TSG recently worked with a client to migrate nearly 4 million documents with metadata from 3 different FileNet systems to Alfresco using OpenMigrate. This post will focus on the technical approach used to migrate all of the content, as well as some of the unique challenges of the migration.
One of the unique characteristics of this migration is that it combined content and metadata from 3 different FileNet solutions into a single Alfresco repository and content model. The FileNet solutions include the following:
- FileNet Image Services – formerly Panagon Image Services
- FileNet Document Services – formerly Panagon Content Services, and even earlier Saros Mezzanine
- FileNet P8
FileNet Image Services
We’ve written posts in the past about migrating from FileNet Image Services (IS). See our previous post here. OpenMigrate has a multi-threaded source adapter for extracting content from IS. For this particular migration, the IS content was still stored on an Optical Storage and Retrieval (OSAR) jukebox. With a jukebox, content is stored on disks (more commonly referred to as surfaces) that are swapped in an out of drives inside the device as files are read and written. One of the challenges of working with this type of device is to make sure that content is migrated in an order that minimizes the number of disk swaps. Reading content from the jukeboxes is slow in general, but frequent surface swaps would exponentially add to the total migration time.
To further add to the challenge, the client had outgrown their jukeboxes, so not all surfaces could be loaded at one time. To address this, we broke the migration into several batches, allowing time for surfaces to be ejected and loaded into the jukeboxes between batches.
Another unique requirement for this migration was that all content extracted from IS was converted to PDF/A for archival purposes. Previous migrations from IS for other clients used OpenMigrate to automatically convert single-page TIFF files extracted from IS into multi-page PDF files. This migration added the additional layer of compliance with the PDF/A standard. This was accomplished using the iText PDF manipulation software that was already built into OpenMigrate.
FileNet Document Services
Until this project, OpenMigrate had never been used to migrate content from FileNet Document Services (DS). Similar to Image Services, DS is built on legacy technologies and does not have a Java API to use with OpenMigrate to extract content. After some reverse engineering of DS, we found that it was pretty simple to use OpenMigrate’s JDBC database connector to query the SQL database that DS runs on. We used the connector to extract the metadata, and then pulled the content from the file system based on a path referenced in the database. We’ve had success using this approach with other legacy content management systems as well. Given that we were able to bypass legacy APIs and go directly to the database and file system, the DS migration ran very quickly with OpenMigrate’s multi-threading capabilities.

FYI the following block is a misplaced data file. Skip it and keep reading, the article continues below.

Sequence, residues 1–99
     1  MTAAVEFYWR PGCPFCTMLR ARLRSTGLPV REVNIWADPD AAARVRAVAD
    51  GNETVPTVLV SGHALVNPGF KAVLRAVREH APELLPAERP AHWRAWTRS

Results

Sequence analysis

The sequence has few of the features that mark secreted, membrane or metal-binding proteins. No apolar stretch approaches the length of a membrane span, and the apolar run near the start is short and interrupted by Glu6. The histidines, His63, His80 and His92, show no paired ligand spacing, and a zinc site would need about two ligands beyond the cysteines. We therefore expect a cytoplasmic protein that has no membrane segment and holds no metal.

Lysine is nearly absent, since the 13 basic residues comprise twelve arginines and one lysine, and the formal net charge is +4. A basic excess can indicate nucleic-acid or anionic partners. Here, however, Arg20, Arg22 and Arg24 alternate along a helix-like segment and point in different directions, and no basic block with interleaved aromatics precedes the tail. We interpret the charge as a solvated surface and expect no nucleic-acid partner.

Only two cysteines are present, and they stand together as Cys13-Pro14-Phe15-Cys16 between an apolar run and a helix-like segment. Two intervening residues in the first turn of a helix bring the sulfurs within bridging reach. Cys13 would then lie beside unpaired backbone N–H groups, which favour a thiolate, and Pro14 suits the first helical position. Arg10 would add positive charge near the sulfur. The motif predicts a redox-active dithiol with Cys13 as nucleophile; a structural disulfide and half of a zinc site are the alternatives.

Similar to FileNet DS, this project was the first time that we had ever attempted to migrate content out of FileNet P8 using OpenMigrate. P8 is IBM FileNet’s modern content management platform that’s built on a Java stack.
After some investigation, we discovered that P8 also has a relatively simple SQL database model that made it easy to locate the content and metadata to be migrated. Not so simple, however, was determining the location of the binary content on the file system. Because P8 uses an obfuscated method for storing content, we found it necessary to use P8’s Java API for extracting the content from the system. We found the P8 API to be relatively developer friendly, and since it’s a Java API, it was fairly simple to create a P8 source connector for OpenMigrate. Using the P8 API’s JNDI connection protocol combined with OpenMigrate’s multi-threading capabilities, we were able to extract content from P8 at speeds comparable to other ECM platforms like Documentum and Alfresco.
2 Phase Migration
Further complicating this migration was the need to extract metadata from 2 additional databases prior to migrating the FileNet content to Alfresco. Utilizing OpenMigrate’s JDBC query event listener, we were able to easily pull metadata from these databases at migration time.
Due to the complexity added by 3 separate source content management systems, as well as 2 additional database systems providing metadata, we decided to perform this migration in 2 phases. The first phase involved extracting content and metadata from all of the source systems and exporting the content to a file system and the metadata to a temporary database. The second phase involved migrating the content and metadata from the file system and temporary database into Alfresco. We chose this approach primarily because the Alfresco target repository was not yet ready at the time of the migration. It also provided the opportunity for performing metadata verification and cleanup prior to migrating to Alfresco.
This migration project was also one of the first to utilize OpenMigrate’s new Content Management Interoperability Services (CMIS) target connector for Alfresco. The previous version of the Alfresco target connector for OpenMigrate utilized the recently decommissioned SOAP API for Alfresco. We’re pleased to discover that the CMIS connector also has performance improvements over the legacy connector, as well as an increased level of configurability.
OpenMigrate has had a connector for migrating content from FileNet Images Services for quite some time. A recent client project brought about the need for additional connectors for FileNet Document Services and FileNet P8. This particular project involved migrating from FileNet to Alfresco in a 2 phase process, but the configurability of OpenMigrate would allow other target adapters to be swapped in to migrate to other systems, such a Documentum or file system.